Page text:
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Growth, Employment, and Poverty in Latin America

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Book Series: WIDER Studies in Development Economics ISBN: 9780198801085 Year: Pages: 528 DOI: 10.1093/oso/9780198801085.001.0001 Language: English
Publisher: Oxford University Press Grant: UNU WIDER
Subject: Economics
Added to DOAB on : 2017-05-24 11:01:59
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This book examines the links between economic growth, changing employment conditions, and the reduction of poverty in Latin America in the 2000s. Our analysis answers the following broad questions: Has economic growth resulted in gains in standards of living and reductions in poverty via improved labour market conditions in Latin America in the 2000s, and have these improvements halted or been reversed since the international crisis of 2008? How do the rate and character of economic growth, changes in the various employment and earnings indicators, and changes in poverty and inequality indicators relate to each other? Our contribution is an in-depth study of the multi-pronged growth-employment-poverty nexus based on a large number of labour market indicators (twelve employment and earnings indicators and four poverty and inequality indicators) for a large number of Latin American countries (sixteen of them). The book presents a positive and hopeful set of findings for the period 2000 to 2012/13. Economic growth took place and brought about improvements in almost all labour market indicators and consequent reductions in poverty rates. But not all improvements were equal in size or caused by the same things. Some macroeconomic factors were associated with changes in labour market conditions, some of them always in the welfare-improving direction and some others always in the welfare-reducing direction. Most countries in the region suffered a deterioration in at least some labour market indicators as a consequence of the international crisis of 2008, but the negative effects were reversed very quickly in most countries.

The Political Economy of Bank Regulation in Developing Countries

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ISBN: 9780198841999 Year: Pages: 416 DOI: 10.1093/oso/9780198841999.001.0001 Language: English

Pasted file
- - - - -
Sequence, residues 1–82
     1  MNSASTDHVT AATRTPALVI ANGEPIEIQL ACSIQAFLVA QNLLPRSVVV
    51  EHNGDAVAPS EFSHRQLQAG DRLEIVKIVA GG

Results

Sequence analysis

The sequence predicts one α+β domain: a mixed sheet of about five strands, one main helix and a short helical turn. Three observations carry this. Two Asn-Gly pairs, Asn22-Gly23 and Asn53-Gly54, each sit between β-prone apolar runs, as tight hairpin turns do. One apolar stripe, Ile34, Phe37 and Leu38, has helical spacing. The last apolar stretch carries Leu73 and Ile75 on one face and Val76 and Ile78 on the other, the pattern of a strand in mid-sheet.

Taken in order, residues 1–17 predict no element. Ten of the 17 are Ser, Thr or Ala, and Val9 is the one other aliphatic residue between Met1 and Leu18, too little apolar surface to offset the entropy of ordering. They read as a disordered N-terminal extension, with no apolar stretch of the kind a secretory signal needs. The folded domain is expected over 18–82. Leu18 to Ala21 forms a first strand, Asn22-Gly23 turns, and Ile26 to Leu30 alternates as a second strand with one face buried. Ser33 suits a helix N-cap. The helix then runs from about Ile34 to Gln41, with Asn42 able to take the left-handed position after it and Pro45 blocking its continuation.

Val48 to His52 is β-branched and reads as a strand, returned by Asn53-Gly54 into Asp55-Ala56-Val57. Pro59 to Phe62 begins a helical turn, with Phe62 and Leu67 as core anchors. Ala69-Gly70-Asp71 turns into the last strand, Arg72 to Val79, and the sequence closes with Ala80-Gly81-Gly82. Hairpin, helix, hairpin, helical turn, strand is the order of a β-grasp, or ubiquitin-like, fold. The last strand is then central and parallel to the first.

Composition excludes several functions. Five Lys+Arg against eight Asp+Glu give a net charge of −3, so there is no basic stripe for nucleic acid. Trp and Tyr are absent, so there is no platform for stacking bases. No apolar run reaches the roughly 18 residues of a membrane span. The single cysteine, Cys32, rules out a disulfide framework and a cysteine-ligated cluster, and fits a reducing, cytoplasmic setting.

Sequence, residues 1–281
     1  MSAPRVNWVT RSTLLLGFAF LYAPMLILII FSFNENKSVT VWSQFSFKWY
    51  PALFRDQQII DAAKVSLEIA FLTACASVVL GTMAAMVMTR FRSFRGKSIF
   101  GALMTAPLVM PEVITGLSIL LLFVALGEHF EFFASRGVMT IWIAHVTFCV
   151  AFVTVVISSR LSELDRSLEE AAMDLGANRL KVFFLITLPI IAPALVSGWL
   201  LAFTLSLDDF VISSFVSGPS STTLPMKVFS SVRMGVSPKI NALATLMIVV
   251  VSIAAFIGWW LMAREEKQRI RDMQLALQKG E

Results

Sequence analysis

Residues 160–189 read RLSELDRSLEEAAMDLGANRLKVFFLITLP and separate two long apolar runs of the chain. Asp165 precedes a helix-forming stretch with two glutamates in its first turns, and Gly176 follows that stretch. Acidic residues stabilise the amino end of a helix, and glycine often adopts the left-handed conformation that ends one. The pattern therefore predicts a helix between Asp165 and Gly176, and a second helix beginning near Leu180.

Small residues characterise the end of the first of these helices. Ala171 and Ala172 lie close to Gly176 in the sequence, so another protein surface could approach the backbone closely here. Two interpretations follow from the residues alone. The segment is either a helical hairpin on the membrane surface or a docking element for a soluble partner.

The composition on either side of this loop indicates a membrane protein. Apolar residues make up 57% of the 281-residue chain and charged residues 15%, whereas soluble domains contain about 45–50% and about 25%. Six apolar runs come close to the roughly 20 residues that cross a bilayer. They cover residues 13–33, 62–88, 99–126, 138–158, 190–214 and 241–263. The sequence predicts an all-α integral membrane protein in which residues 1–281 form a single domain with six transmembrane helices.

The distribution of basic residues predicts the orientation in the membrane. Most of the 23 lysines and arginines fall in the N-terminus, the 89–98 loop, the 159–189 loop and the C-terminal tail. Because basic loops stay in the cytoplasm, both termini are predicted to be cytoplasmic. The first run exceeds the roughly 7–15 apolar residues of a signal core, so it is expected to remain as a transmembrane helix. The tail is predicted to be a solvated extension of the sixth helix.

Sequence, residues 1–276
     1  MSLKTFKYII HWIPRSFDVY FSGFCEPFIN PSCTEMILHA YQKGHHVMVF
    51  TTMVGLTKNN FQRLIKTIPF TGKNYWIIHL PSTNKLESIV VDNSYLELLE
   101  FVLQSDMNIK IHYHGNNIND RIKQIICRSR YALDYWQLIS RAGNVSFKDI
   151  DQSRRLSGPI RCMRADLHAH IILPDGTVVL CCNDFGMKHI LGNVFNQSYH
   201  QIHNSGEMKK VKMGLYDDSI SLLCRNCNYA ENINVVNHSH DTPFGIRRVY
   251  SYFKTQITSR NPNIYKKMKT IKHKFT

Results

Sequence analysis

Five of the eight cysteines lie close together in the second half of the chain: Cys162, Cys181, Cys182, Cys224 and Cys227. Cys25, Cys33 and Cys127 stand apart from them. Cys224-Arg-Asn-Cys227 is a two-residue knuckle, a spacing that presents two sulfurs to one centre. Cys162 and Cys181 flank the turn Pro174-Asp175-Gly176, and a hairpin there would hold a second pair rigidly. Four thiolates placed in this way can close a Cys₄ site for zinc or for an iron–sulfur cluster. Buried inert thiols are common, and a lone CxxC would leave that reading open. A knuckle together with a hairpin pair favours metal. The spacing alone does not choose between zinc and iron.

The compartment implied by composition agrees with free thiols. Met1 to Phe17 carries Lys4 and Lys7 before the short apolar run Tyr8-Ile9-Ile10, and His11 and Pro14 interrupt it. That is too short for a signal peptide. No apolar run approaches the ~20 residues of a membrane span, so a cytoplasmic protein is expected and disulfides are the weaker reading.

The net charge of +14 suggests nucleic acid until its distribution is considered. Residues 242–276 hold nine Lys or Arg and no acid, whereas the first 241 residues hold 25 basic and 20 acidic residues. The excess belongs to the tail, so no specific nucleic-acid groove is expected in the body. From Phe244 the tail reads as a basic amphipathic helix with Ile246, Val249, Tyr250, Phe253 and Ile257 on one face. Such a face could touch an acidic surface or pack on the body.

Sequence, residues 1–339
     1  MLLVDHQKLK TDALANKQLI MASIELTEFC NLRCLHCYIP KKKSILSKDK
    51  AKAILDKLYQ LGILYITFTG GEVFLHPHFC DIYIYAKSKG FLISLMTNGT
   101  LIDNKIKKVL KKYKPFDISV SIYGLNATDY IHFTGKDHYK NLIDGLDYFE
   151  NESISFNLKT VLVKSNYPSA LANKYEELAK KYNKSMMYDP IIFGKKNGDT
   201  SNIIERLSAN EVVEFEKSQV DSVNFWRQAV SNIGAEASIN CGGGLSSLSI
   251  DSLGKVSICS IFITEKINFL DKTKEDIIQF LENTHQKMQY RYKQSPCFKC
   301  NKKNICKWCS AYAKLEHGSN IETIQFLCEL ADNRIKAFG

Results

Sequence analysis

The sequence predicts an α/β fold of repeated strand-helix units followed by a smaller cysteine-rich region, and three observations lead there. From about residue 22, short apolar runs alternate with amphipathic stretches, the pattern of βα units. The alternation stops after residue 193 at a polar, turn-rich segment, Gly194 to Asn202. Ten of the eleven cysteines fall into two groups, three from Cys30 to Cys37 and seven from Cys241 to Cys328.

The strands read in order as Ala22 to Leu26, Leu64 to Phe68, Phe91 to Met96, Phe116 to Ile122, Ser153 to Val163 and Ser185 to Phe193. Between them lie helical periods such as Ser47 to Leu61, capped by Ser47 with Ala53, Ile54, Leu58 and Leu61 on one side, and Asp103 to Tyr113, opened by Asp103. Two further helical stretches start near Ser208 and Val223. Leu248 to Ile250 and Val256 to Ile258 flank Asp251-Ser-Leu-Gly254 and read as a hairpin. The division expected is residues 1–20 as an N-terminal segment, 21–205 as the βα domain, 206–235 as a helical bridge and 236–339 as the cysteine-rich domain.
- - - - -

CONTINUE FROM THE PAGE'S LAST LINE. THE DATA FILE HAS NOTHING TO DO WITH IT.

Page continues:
Publisher: Oxford University Press
Subject: Political Science --- Economics --- History --- Migration
Added to DOAB on : 2020-06-24 23:57:51
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Why do governments in some developing countries implement international standards, while others do not? Focusing on the politics of bank regulation, this book develops a new framework to explain regulatory interdependence between countries in the core and the periphery of the global financial system. Drawing on in-depth analysis of eleven countries across Africa, Asia, and Latin America, it shows how financial globalization generates strong reputational and competitive incentives for developing countries to converge on international standards. Regulatory interdependence is generated by relations between regulators, politicians, and banks within developing countries, and international actors including investors, peer regulators, and international financial institutions. We explain why it is that some configurations of domestic politics and forms of integration into global finance generate convergence with international standards, while other configurations lead to divergence. This book contributes to our understanding of the ways in which governments and firms in the core of global finance powerfully shape regulatory politics in the periphery, and the ways in which peripheral governments and firms manoeuvre within the constraints and opportunities created by financial globalization

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